Im going on a small dam construction course put on by one of the government agencies in may so im going to wait till then before starting the dam. This year the stream hasent flowed yet and the rainy season is almost over due to the drought. Im hoping once i start having more topsoil acting as a big sponge letting it out slowly it will become a year round stream
 
eric koperek
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TO: Brian Karlsen
FROM: Eric Koperek = erickoperek@gmail.com
SUBJECT: Renovating Pasture with "Rock Hard Soil"
DATE: PM 7:21 Tuesday 8 Mars 2016
TEXT:

1. Hire a tractor to sub-soil rip your ground. You will need knives 3/4 inch wide by 12 to 16 inches long spaced every 2 feet along the tool bar. Start at the top of the hill and rip across the slope along contour lines.

2. Alternatively, hire a small trench digging machine and dig narrow trenches 4 inches wide and as deep as possible every 50 feet starting at the top of the hill and going across the slope following contour lines. You want a series of trenches from hill top to seasonal stream at bottom. Dig trenches across seasonal stream every 50 feet. Trenches in streams can be wider (12 inches) as desired. You can dig stream trenches with a back-hoe.

3. If you have no access to heavy equipment, start collecting all the rocks you can find. Dump baskets of stones along hillside contour lines every 50 feet starting from hill top down to seasonal stream. Rocks can be any size. Just dump stones on the ground to make low bunds = walls about 6 to 8 inches high. If you have enough rocks, connect contour bunds with vertical lines of rocks to make "waffle gardens". Squares of rocks reduce both wind & water speed thus reducing erosion and increasing local humidity. Seed drought resistant legume like Black Medic = Yellow Lupine = Medicago lupulina over land. For best results use pelleted seed. Legume will establish best along rock lines because of favorable micro-climate created by rocks.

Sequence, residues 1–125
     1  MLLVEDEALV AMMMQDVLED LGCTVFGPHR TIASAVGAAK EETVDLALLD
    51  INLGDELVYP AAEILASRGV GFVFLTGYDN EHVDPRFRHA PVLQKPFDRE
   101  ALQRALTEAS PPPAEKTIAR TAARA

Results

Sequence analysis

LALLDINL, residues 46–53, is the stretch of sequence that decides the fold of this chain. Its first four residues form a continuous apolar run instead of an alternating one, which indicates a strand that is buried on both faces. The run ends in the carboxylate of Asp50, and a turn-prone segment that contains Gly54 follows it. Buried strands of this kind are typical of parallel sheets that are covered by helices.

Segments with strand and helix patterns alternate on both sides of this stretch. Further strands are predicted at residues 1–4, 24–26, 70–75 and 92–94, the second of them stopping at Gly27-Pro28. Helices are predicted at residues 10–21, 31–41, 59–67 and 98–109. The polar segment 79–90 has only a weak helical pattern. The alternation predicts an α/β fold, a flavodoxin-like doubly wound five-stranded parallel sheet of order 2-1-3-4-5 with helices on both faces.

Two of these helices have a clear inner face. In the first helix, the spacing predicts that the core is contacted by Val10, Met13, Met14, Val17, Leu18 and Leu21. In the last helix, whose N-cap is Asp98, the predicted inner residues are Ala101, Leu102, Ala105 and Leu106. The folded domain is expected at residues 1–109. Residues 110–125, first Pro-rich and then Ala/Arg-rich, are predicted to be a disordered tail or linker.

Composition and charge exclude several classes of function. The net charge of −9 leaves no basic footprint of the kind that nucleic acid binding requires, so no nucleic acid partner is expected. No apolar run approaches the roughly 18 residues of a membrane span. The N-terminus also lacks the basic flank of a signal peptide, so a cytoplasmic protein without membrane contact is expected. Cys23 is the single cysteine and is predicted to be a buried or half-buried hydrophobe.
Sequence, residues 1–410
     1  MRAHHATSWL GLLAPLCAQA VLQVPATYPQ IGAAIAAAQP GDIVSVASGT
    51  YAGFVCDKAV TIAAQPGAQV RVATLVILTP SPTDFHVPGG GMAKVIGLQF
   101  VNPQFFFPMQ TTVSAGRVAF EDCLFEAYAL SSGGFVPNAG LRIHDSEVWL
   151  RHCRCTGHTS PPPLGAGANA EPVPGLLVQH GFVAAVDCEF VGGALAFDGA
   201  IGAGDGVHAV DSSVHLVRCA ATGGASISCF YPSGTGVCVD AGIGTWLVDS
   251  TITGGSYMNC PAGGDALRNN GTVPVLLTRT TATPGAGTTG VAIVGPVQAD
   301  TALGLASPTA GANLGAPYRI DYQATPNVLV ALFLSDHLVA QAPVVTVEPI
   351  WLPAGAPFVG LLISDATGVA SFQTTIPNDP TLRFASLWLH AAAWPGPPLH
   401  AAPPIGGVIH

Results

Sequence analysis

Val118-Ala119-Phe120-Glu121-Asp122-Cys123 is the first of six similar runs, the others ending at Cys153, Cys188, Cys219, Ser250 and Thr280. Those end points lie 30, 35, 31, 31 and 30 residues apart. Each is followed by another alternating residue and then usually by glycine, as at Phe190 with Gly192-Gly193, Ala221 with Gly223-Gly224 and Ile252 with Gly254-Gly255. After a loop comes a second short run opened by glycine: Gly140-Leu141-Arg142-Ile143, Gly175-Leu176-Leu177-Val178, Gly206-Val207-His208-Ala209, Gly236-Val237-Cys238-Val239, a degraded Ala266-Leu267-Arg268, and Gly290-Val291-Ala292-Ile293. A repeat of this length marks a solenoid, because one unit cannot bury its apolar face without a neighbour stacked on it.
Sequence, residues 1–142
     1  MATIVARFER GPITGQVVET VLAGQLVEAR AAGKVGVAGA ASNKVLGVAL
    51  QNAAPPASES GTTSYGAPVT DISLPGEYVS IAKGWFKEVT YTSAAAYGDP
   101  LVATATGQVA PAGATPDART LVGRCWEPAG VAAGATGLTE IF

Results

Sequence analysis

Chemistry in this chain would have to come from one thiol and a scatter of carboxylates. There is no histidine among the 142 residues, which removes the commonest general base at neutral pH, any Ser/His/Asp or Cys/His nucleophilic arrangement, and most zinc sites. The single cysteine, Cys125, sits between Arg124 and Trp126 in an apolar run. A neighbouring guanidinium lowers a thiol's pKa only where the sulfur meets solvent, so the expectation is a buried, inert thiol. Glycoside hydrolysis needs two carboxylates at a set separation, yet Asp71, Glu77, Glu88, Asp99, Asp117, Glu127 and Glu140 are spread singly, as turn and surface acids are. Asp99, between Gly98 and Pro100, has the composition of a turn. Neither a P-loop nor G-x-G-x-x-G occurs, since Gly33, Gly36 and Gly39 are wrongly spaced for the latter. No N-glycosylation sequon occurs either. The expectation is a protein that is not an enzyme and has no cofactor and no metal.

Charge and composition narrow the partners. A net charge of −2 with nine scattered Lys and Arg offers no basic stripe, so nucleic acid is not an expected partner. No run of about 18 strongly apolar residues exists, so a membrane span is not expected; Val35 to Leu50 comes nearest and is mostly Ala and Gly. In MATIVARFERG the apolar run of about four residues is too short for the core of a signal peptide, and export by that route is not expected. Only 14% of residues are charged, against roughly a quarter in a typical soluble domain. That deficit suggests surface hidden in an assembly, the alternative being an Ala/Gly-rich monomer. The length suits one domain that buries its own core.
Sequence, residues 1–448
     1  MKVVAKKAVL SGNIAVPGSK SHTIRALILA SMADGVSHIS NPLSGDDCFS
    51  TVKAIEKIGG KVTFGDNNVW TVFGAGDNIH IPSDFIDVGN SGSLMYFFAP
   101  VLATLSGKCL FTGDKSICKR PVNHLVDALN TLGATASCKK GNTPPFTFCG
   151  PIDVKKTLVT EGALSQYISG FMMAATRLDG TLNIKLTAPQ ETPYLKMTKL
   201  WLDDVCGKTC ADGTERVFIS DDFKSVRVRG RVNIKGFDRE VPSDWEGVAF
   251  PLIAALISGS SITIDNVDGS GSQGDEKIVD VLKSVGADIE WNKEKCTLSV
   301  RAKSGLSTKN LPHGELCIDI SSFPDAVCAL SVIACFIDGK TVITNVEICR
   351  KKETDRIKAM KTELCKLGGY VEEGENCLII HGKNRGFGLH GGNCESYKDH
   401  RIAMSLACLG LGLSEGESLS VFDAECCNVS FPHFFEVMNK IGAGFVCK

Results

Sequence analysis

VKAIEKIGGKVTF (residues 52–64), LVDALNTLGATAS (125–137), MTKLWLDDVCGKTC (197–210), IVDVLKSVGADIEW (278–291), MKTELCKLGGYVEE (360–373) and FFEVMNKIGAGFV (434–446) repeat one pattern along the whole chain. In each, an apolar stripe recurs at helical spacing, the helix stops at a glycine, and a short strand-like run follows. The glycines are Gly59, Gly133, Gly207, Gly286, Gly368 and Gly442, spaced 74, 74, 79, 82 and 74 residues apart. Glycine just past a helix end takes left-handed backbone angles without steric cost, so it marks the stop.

4. Build check dams = weirs across seasonal streams every 50 to 100 yards. Dump baskets of stones on ground until weir reaches 3 feet high. If stream flow is very high, dig 3 feet into banks and 2 feet into stream bed to anchor weir so it does not wash out. This is called "keying". Make center of weir about 6 to 8 inches lower than the sides to create a spillway so water does not wash out check dam. Purpose of check dam = weir is to SLOW not stop water. Slow water drops sediment behind dam. Plant drought resistant trees or crops in soft soil that collects behind weirs. If available stones are small, use wire gabions to hold rocks so they do not wash away. Seasonal streams = wadis collect and concentrate water from a wide area, effectively multiplying rainfall by 10 to 20 times. Thus, 1 inch of water in the uplands = 10 to 20 inches of water in a wadi system.

5. For more information on old-fashioned biological agriculture please visit: www.agriculturesolutions.wordpress.com -- or -- www.worldagriculturesolutions.wordpress. com -- or -- send your questions to: Agriculture Solutions, 413 Cedar Drive, Moon Township, Pennsylvania, 15108 USA -- or -- send an e-mail to: erickoperek@gmail.com

end comment.
 
Juli Anne
Posts: 8
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We had nothing but cobblestones and an icky orange moss on our pastures when we moved to our homestead. I read 'One Straw Revolution' and decided to  figure out how to fix my pastures with mulching...but I had no mulch except the nasty pesticide and herbicide filled straw in our area. I bought a really nice scythe and cut or weeds down several times a year, leaving them in place. By the second year our pasture was growing grass and by the third year our invasive weeds were gone. This is the video showing my process with the scythe: 
 
I agree. Here's the link: https://richsoil.com/wood-heat.jsp